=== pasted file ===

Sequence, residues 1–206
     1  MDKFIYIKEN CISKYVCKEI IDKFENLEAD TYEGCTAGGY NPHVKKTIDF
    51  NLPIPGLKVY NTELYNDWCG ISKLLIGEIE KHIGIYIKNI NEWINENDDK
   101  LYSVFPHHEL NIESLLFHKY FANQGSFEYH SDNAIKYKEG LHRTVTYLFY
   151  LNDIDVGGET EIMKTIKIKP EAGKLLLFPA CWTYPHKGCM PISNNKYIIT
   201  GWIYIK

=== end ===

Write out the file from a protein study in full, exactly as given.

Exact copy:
Sequence, residues 1–206
     1  MDKFIYIKEN CISKYVCKEI IDKFENLEAD TYEGCTAGGY NPHVKKTIDF
    51  NLPIPGLKVY NTELYNDWCG ISKLLIGEIE KHIGIYIKNI NEWINENDDK
   101  LYSVFPHHEL NIESLLFHKY FANQGSFEYH SDNAIKYKEG LHRTVTYLFY
   151  LNDIDVGGET EIMKTIKIKP EAGKLLLFPA CWTYPHKGCM PISNNKYIIT
   201  GWIYIK